Apple's battle to avoid handing over user data to the US government has taken an unwelcome turn, with the Feds claiming in court that Cupertino's license agreement gives it the right to do what the government tells it.
In a case being heard by US Federal Court magistrate James Orenstein, the government has argued that the Apple end user licence agreement (EULA), which like all licenses tells users “you don't own the software, we do”, bypasses users' rights to protect their information.
The government is asking Apple to bypass the lock screen in compliance with a search warrant in the case, being heard in the US District Court's Eastern District of New York. Apple has already argued its ability to bypass lock screens is limited (here, at Reuters).
The Electronic Frontiers Foundation notes the device in question is an iPhone 5s running iOS 7 – one of the devices that Apple can unlock, so the company tried another tack to fend off the search warrant demanding it cooperate.
Cupertino told the court that forced compliance would “threaten the trust between Apple and its customers and substantially tarnish the Apple brand”.
Since Tim Cook has been working hard to convince users the fruity firm Takes Users' Privacy SeriouslyTM, that argument is probably true – but as the EFF reports, it didn't sway the feds.
Their argument is that since users have no rights under the EULA – except to use the software in ways approved by Apple – “Apple has such a close connection to the devices it sells that it can be compelled to step in and take control of the device”.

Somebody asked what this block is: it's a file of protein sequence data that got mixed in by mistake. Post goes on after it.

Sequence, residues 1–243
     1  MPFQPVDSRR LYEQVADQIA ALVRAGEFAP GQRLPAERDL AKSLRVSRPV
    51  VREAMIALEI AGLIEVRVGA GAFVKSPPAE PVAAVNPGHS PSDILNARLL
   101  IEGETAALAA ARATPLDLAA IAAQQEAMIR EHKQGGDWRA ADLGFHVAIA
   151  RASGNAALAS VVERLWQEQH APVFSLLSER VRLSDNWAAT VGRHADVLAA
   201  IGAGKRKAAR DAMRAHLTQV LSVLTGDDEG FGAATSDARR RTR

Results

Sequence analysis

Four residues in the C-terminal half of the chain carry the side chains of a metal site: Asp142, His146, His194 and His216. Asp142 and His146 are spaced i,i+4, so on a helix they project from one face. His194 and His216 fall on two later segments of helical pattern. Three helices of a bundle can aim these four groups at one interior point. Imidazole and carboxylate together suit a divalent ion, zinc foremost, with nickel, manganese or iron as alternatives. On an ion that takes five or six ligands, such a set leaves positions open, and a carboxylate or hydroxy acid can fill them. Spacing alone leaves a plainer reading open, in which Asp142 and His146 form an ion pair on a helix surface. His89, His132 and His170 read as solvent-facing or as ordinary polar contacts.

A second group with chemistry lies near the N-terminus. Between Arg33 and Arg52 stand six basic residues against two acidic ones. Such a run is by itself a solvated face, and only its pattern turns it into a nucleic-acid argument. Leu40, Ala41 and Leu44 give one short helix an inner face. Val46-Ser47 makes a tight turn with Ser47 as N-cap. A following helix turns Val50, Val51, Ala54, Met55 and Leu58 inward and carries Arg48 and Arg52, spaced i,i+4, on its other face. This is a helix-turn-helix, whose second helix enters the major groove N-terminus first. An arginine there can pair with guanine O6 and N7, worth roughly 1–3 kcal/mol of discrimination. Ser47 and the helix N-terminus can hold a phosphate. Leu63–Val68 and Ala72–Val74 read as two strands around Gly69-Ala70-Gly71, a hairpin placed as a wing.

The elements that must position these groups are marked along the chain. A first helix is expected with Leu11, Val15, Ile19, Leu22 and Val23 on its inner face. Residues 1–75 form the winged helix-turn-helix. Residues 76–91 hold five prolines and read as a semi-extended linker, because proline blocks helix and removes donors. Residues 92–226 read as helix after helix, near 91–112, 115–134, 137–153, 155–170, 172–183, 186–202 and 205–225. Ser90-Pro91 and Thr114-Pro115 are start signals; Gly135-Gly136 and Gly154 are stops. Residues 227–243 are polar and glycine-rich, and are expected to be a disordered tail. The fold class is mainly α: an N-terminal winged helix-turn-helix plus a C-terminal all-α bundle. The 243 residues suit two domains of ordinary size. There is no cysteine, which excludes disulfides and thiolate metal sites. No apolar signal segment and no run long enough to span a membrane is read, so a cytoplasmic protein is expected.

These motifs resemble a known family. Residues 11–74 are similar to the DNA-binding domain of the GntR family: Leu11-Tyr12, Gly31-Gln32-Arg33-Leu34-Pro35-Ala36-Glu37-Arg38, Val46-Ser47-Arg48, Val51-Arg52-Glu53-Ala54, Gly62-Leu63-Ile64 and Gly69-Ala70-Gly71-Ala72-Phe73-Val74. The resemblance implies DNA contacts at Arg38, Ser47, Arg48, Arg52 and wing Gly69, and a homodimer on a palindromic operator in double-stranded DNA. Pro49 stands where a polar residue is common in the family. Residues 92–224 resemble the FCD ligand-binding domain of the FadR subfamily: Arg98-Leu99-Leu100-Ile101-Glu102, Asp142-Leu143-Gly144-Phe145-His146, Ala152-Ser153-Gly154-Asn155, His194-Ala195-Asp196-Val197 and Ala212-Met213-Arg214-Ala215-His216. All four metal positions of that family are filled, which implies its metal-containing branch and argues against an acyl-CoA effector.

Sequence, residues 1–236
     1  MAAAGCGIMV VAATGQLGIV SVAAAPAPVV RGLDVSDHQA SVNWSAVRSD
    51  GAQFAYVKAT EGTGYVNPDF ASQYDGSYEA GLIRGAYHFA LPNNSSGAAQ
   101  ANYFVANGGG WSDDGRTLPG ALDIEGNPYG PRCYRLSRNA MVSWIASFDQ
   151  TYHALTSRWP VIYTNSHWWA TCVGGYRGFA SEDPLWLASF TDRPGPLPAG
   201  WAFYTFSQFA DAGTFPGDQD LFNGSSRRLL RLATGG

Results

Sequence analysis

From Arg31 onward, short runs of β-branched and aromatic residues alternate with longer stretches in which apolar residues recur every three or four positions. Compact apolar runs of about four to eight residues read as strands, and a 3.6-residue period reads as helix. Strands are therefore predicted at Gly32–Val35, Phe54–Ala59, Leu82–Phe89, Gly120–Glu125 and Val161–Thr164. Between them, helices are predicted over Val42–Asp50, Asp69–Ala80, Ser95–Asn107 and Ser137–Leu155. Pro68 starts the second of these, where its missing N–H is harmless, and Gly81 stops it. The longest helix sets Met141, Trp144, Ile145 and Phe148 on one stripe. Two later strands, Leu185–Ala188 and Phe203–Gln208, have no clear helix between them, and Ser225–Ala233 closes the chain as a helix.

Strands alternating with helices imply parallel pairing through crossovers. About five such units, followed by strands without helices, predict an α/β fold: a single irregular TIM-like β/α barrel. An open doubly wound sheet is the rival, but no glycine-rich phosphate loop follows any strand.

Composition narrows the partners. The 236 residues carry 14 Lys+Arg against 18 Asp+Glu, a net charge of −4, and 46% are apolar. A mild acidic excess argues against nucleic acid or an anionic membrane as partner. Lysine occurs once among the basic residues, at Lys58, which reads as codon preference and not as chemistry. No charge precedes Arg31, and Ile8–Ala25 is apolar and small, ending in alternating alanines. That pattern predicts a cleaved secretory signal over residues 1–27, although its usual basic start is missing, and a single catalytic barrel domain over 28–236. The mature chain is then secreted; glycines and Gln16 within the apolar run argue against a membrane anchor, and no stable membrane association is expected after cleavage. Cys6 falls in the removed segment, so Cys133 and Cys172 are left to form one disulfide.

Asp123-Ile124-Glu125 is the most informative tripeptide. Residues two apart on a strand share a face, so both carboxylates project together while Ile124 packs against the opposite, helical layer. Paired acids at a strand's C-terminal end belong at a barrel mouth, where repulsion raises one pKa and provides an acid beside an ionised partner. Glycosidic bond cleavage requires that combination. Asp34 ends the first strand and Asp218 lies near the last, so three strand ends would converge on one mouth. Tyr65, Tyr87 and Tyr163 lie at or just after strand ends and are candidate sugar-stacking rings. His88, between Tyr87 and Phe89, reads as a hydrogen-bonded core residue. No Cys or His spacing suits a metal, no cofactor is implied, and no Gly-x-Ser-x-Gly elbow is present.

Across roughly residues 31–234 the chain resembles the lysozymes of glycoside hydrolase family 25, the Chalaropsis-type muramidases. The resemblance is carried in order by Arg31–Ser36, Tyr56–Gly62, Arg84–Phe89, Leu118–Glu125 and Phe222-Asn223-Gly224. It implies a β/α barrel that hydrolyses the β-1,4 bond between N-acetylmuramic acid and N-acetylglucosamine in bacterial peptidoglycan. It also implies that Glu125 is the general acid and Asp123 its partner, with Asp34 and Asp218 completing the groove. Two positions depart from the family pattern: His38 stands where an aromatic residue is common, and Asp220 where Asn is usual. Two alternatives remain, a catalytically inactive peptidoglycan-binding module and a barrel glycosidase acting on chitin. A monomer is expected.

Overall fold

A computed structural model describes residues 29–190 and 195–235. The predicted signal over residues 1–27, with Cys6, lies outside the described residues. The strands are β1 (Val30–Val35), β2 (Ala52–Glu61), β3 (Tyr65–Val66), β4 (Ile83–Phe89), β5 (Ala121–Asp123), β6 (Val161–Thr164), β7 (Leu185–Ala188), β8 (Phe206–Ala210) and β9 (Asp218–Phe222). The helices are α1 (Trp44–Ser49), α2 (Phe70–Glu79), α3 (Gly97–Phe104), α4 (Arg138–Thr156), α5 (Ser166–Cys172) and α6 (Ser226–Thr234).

“Apple’s software licensing agreement specifies that iOS 7 software is 'licensed, not sold' and that users are merely granted 'a limited non-exclusive license to use the iOS Software'”, the government's brief states, and that means it can be compelled to bypass the lock screen.
That's put Apple on the back foot: it's true that nearly every EULA in the world is based on the vendor's ongoing ownership of every line of code.
The EFF has posted Apple's response here, which reads, in part that the EULA is merely designed to “limitations on the customers’ use and redistribution of Apple’s software”, and that the license agreement shouldn't be read to “conscript” the company “into government service”.
The Register imagines that if the district court disagrees with Apple, this one will run all the way to the United States Supreme Court. ®